11 Jul Guest Post: Remarks on Henderson & Cavanagh Guest Post on Unit Self-Defence–Perspectives from the Courtroom
[Kinga Tibori-Szabó currently works for the Legal Representative of Victims at the Special Tribunal for Lebanon. She is also a New York attorney. In 2012, she won the ASIL Lieber Prize for her book Anticipatory Action in Self-Defence.]
What could be more straightforward than a unit commander’s right to defend his unit, or other specified units against hostile acts and hostile intent? But as obvious this right may seem in the military sense, as eclectic and elusive its legal nature can be.
Ian Henderson and Bryan Cavanagh rightly point out that unit self-defence, in the legal realm, can be thought of both as a unit-level derivate of states’ inherent right of national self-defence and as a form of the criminal law concept of personal self-defence. It is also viewed as a corollary of the fundamental human right to life.
Indeed, as pointed out by the authors, if the defensive action taken at the unit level ends up being litigated at the International Court of Justice, it will be the responsibility of the state that will be in question and the legal issue will be whether the right of national self-defence applies.
Equally, Article 31(c) of the ICC Statute and ICTY jurisprudence have approached the question of unit-level action from the perspective of personal self-defence, as a ground excluding criminal liability. The ICTY stated that the “notion of self-defence may be broadly defined as providing a defence to a person who acts to defend or protect himself or his property (or another person or person’s property) against attack” and applied that definition to questions regarding the legality of forceful action taken by military units (Kordic and Cerkez, Judgment, 2001, para. 449).
Add to that the fact that many domestic jurisdictions do not recognize unit self-defence as an independent legal concept, albeit its substance is acknowledged, usually in the form of collective personal self-defence, as a right of a unit commander (have a look at the General Report 19th Congress ISMLLW, Quebec). Even in jurisdictions where unit self-defence is explicitly acknowledged, its content might not be identical. For instance, the US SROE define hostile acts to include force used directly to preclude or impede the mission and/or duties of US forces, including the recovery of US personnel and vital US government property, while other states define the term more narrowly.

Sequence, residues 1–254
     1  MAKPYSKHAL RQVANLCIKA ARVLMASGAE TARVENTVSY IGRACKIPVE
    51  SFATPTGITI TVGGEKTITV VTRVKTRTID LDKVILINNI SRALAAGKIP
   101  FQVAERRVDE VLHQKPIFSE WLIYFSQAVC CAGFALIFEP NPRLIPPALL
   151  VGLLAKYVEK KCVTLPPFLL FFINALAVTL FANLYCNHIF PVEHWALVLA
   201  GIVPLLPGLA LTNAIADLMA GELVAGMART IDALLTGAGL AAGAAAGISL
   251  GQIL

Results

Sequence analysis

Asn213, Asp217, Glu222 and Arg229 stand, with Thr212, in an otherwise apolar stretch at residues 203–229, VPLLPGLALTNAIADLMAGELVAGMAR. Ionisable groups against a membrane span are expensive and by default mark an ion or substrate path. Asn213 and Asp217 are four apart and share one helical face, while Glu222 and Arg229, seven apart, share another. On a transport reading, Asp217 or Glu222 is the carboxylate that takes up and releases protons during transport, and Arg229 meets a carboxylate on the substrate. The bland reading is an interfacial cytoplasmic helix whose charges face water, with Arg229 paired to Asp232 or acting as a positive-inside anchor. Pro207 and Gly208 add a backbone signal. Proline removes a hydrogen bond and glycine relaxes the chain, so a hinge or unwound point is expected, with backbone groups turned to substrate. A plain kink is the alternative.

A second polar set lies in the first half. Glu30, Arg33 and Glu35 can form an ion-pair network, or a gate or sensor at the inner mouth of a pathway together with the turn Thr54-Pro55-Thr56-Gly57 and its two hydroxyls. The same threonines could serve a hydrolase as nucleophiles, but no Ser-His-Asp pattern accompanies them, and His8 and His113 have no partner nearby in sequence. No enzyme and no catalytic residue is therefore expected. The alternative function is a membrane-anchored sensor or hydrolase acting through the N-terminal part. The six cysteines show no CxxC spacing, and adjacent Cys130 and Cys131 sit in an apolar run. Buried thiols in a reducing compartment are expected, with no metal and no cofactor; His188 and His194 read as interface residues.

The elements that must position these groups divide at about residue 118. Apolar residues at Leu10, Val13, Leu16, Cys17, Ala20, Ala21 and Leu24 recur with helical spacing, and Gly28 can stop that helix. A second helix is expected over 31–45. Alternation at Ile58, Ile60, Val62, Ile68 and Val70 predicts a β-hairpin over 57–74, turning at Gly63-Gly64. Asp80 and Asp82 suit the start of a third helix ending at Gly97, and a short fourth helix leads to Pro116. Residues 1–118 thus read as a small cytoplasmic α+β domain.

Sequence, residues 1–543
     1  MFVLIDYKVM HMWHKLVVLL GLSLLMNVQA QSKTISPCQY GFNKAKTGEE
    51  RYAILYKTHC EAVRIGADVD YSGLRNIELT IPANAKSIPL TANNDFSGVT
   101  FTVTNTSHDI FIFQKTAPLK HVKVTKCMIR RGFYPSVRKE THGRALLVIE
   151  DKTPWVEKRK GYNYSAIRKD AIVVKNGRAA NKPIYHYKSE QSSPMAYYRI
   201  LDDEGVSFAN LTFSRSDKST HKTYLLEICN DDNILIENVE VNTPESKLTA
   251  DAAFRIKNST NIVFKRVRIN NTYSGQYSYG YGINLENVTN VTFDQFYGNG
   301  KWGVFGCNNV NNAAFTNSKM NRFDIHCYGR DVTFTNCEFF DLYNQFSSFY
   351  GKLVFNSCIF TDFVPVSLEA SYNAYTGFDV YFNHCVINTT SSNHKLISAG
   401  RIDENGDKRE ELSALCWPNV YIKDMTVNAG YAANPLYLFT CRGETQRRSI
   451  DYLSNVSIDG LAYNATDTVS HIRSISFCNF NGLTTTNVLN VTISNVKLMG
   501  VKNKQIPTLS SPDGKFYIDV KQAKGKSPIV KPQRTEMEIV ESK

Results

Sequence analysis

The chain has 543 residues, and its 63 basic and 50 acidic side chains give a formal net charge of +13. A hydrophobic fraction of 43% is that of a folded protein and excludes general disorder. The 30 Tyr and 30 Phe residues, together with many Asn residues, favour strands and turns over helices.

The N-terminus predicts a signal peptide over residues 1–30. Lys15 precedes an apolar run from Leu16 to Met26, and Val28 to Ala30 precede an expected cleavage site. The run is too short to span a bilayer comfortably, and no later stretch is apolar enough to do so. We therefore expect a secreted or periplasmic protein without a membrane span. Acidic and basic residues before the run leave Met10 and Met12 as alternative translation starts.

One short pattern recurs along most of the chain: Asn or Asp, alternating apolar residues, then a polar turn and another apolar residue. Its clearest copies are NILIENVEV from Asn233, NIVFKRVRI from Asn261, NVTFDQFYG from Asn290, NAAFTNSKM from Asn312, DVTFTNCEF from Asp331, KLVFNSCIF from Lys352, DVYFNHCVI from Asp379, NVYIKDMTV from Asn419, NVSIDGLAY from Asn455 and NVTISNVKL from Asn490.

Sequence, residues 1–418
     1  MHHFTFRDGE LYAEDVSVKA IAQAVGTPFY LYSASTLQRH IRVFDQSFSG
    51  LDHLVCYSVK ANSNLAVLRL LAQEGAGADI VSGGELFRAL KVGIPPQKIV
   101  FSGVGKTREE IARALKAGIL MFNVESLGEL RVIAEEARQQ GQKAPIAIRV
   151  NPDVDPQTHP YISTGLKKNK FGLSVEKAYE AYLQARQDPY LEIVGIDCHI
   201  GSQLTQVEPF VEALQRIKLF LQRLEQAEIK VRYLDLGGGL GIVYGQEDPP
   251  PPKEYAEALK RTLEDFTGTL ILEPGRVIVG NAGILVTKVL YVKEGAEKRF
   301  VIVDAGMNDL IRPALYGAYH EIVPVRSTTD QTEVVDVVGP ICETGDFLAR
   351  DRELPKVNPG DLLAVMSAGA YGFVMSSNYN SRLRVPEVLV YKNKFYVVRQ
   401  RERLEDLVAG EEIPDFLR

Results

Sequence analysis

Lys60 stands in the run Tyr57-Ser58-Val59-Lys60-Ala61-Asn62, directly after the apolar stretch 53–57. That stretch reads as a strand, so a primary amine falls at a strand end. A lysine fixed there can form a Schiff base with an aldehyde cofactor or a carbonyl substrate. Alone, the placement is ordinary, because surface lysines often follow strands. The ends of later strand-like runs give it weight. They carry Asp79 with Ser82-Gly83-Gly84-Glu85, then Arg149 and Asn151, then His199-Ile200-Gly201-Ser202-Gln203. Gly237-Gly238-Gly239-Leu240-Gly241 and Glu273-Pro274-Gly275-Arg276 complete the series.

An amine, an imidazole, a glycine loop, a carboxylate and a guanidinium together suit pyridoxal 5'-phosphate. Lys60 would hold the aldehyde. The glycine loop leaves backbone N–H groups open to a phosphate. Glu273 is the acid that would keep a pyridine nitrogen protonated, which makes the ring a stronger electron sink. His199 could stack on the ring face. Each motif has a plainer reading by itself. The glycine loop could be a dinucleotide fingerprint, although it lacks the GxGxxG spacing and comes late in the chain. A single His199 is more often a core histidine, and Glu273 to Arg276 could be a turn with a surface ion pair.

Against this background, it seems sensible to aver that unit self-defence should be viewed as a ROE concept that has underlying law and legal consequences, but is not a legal term of itself. Or as Kalshoven and Fontein noted, “the true significance of the right of unit self-defence may lie in its cohesive power”.
Then again, as a lawyer trapped in the courtroom most of the time, I cannot help thinking of that odd situation, at the international judicial level, when none of the mantles we just bestowed on unit self-defence would fit. Every operational term, if it ends up playing a role in (international) courts, will have to be associated with a legal term or drawn from a legal basis. Take, for instance, one of those quintessential on-the-spot-reaction scenarios of a naval vessel under sail, being attacked while transiting between the harbours of allied nations. If the attack, because of its nature and scale, reaches the threshold of an armed attack, the inherent right of national self-defence can be invoked and force may be used within the limits of that right. In such a case, unit self-defence would be absorbed within the jus ad bellum concept. If the use of force triggers an armed conflict, the law of armed conflict will become applicable, in which case, as discussed by Henderson & Cavanagh as well as Jens David Ohlin, the concept of self-defence (unit or personal) becomes arguably redundant. But what if the attack on the vessel does not reach the threshold of an armed attack and the response does not trigger an armed conflict? In that nebulous territory, where neither jus ad bellum nor the law of armed conflict applies, we are left with personal self-defence, in its collective form. Obviously, if the operational term on which the unit’s action is based can be easily linked with provisions similar to those contained in Article 31(c) of the ICC Statute, then the problem is solved. But such provisions might not be readily available (the ICTY, ICTR and STL statutes do not expressly assert an exception of personal self-defence), and the court will have to rely on its case-law or develop relevant jurisprudence. But what if the ROE of the vessel’s nation state allows for a unit self-defence that is more permissive than the personal defence case-law of the international court? Or what if the definition of a unit in the domestic operational term is different from how the court’s jurisprudence defines defence of others or defence of property? Or what if there is no such definition in the case-law? Or what if other gaps, stemming from the different nature of the two terms (unit self-defence as a permissive rule authorising the use military force v. personal self-defence as a narrowly interpreted exception to criminal responsibility) would make it cumbersome to convert the operational term into the legal? Wouldn’t these situations warrant the acknowledgment of an independent legal term of unit self-defence, with its own elements and limits, rather than fiddling with personal self-defence, to fit a purpose it was not primarily meant to fulfil?
The odd situation, however, may never arise. It may as well be that unit self-defence will make more sense as an operational term, capable of being morphed into various, related legal terms. In any case, the debate should be kept alive and, if pertinent, room should be left for an independent legal term of unit self-defence to develop.